Netflix to charge for password sharing in the US from 2023
Netflix is set to begin charging for password sharing in the United States from early 2023, according to new reports.
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After promising a crackdown on the practice, the streaming service introduced an “add extra member” feature for Chile, Peru and Costa Rica back in March.
In July, Netflix then asked customers in five more countries – Argentina, El Salvador, Guatemala, Honduras and the Dominican Republic – to pay additional fees if they are sharing their password with viewers outside of their household.
According to a new report from the The Wall Street Journal, similar rules will come into force in the US from early next year, with a $3 (£2.49) charge for each extra household using a Netflix account.
The report states that Netflix Co-CEO Ted Sarandos told investors in early December: “Make no mistake, I don’t think consumers are going to love it right out of the gate.”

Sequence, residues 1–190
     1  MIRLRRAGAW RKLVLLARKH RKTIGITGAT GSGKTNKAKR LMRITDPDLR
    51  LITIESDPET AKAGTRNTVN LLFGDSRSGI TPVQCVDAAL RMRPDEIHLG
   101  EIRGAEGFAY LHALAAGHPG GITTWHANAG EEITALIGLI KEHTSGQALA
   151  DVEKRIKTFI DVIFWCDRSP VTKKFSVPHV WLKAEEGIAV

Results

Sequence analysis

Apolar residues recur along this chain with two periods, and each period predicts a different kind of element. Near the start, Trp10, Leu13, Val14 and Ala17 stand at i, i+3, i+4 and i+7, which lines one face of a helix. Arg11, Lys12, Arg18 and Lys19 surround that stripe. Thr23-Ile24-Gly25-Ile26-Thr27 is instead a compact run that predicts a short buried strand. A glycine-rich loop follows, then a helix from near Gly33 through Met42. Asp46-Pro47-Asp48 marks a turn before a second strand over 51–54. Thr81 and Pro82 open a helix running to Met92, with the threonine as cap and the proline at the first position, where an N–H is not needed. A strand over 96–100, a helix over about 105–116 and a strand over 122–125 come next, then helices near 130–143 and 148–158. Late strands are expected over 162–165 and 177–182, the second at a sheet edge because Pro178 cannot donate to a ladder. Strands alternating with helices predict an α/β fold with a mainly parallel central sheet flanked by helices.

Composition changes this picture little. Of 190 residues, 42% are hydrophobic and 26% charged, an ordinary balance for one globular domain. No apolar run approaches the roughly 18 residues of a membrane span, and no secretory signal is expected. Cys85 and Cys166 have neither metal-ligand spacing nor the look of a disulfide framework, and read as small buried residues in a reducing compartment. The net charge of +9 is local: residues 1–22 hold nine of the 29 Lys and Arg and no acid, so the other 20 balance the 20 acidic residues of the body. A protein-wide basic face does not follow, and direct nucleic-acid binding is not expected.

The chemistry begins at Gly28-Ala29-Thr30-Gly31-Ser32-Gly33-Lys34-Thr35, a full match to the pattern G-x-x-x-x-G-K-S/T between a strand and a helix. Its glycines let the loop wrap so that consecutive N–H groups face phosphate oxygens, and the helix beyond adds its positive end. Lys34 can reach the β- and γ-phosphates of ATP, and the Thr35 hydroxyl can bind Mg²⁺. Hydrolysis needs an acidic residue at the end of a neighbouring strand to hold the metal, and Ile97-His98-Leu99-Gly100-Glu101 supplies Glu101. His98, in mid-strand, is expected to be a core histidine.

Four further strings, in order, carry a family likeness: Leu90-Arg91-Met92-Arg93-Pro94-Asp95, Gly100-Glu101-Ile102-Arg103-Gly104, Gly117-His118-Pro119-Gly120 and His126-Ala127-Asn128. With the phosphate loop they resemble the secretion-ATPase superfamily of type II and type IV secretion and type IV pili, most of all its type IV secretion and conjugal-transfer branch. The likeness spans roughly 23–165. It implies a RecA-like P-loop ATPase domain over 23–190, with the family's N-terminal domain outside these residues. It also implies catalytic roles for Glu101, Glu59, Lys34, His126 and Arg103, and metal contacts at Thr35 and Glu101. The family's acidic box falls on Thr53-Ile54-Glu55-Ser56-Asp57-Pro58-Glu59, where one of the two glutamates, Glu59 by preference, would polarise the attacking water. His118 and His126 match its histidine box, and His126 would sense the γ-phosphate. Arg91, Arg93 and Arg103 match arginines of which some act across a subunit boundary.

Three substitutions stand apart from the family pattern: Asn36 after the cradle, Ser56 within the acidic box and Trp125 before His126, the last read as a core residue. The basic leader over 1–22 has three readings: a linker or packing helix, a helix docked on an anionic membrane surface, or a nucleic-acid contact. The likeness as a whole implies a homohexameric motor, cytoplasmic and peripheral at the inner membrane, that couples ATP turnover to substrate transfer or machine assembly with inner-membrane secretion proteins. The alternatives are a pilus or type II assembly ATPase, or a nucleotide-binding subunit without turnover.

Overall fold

The entertainment service has been attempting to limit password sharing for some time. Back in 2019, Netflix had said they intended to implement new rules for the sharing of passwords, but would do so in a “consumer-friendly way”.
In 2021, Netflix rolled out a verification system in some countries, whereby programmes began with a warning: “If you don’t live with the owner of this account, you need your own account to keep watching.”
In research published earlier this year, it was estimated that at least 27 per cent of Netflix’s then-14.9million UK subscribers alone shared their accounts with other members of their household. The research also found that a “minimum” of 17million subscribers share passwords across Netflix’s five biggest markets in Europe – the UK, Germany, Spain, France and Italy.
This week, Netflix, Amazon Prime Video and Disney+ have revealed the UK’s most-streamed shows of the year.
Topping the most-watched list for Netflix is Harry & Meghan, the recently released docu-series featuring revelations from the Duke and Duchess of Sussex. Figures show that the first episode was watched by an average 4.5 million people in the first week following its release on December 8.
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